Microbial Ecology of Fog
Coastal advective fogs play an as-yet underappreciated and under-researched role in materials exchange between aquatic and terrestrial systems. Because fog droplets are known to contain high concentrations in nutrients (N and P) required for microbial metabolism, microbial life may be making a living while suspended in a cloud droplet, and not just catching a ride. Our lab studies the microbial ecology of coastal advective fogs, with primary interest in the ecological structure fog can provide (albeit temporarily) in the atmosphere. This role is similar to clouds, but fog’s proximity to water and land surfaces results in more direct interaction with microbes ejected from local sources, including the ocean, plants, and humans.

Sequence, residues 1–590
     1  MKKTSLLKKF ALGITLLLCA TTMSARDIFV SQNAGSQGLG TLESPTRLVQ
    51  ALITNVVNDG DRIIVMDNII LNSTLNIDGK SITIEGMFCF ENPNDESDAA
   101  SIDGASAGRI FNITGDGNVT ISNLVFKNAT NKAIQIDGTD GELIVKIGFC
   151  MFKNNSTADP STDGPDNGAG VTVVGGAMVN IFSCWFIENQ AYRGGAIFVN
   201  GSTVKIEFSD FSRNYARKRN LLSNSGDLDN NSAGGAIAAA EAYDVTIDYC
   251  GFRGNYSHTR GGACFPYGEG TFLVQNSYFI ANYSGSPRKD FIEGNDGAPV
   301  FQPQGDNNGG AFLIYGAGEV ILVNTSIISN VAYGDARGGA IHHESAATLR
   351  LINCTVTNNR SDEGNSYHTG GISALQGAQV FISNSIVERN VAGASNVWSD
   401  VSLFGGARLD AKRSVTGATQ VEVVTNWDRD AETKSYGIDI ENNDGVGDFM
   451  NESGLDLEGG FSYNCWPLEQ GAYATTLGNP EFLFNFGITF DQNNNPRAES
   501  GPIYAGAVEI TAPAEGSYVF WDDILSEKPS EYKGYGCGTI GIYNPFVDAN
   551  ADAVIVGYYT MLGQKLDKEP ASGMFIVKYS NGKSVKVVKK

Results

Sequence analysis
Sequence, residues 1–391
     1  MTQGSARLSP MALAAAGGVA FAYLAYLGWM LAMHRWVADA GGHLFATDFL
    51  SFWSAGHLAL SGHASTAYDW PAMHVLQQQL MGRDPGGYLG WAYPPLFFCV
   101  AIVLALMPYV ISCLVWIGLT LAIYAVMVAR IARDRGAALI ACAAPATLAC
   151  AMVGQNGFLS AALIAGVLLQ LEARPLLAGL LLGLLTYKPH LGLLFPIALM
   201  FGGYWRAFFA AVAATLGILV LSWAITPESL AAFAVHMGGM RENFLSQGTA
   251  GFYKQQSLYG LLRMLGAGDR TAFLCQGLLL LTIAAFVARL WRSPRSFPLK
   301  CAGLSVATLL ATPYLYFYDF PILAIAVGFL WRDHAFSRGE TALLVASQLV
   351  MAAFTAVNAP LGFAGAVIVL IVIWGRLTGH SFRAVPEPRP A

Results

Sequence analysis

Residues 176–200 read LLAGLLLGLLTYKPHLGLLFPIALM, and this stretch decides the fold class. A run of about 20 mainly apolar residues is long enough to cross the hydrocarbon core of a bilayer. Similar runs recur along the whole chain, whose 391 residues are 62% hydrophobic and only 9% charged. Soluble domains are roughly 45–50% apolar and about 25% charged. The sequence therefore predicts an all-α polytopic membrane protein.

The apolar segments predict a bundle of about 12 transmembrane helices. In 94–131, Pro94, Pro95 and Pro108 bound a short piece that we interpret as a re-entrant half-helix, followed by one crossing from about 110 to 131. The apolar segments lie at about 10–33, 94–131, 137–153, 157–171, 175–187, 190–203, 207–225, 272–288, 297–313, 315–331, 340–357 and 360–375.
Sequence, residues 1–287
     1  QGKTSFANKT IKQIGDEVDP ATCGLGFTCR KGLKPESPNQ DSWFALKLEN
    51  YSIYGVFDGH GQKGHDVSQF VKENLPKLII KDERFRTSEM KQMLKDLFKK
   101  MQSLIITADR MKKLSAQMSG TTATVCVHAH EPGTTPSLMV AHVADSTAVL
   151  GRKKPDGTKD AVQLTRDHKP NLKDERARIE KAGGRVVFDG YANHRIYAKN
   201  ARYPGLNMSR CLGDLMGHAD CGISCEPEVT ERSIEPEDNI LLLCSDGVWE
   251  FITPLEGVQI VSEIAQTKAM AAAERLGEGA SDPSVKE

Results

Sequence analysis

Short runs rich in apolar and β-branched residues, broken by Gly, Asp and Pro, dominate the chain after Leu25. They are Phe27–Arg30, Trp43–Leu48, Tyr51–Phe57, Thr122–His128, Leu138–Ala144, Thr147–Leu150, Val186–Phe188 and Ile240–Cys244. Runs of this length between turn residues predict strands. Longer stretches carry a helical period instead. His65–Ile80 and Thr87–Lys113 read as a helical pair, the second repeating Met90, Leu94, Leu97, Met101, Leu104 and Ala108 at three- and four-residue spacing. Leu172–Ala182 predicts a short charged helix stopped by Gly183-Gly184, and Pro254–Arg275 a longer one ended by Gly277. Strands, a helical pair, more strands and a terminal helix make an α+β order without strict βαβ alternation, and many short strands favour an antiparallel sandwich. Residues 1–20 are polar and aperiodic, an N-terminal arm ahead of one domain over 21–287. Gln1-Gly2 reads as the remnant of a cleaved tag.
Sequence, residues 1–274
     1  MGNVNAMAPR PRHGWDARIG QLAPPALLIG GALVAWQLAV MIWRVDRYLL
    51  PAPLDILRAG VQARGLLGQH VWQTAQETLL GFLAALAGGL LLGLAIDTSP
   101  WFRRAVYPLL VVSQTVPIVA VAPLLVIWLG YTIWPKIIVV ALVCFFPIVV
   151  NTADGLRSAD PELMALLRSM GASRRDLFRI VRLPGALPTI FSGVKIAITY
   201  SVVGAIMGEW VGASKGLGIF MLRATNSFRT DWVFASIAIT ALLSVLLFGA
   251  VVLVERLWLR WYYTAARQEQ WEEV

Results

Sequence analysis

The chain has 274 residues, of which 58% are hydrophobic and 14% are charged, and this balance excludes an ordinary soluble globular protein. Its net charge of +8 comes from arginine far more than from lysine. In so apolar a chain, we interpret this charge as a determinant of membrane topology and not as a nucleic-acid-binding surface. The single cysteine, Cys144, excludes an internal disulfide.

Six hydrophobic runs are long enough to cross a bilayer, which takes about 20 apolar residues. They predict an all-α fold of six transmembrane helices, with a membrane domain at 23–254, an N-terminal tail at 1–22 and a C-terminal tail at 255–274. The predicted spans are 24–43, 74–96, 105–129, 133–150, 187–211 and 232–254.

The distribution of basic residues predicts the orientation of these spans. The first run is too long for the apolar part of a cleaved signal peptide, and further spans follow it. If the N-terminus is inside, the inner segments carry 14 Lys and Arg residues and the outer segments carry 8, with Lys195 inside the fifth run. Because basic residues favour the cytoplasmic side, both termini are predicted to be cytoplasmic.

The biology of fog: results from coastal Maine and Namib Desert reveal common drivers of fog microbial composition. Science of the Total Environment, 2018.
“Coupling of fog and marine microbial content in the near-shore coastal environment”, Biogesciences, 2012.
“Environmental Controls on Coastal Coarse Aerosols: Implications for Microbial Content and Deposition in the Near-Shore Environment”, Environmental Science & Technology, 2011.
Relevant Research Activities:
“Marine sources influence fog bioaerosol composition in Namibia and Maine”, AGU Oral Presentation (accepted, 2017)
“Onshore Winds and Coastal Fog Enhance Bacterial Connections Between Water and Air In the Coastal Environment”, Invited AGU Oral Presentation 2013
Moore Foundation Coastal Fog Research Workshop (2013)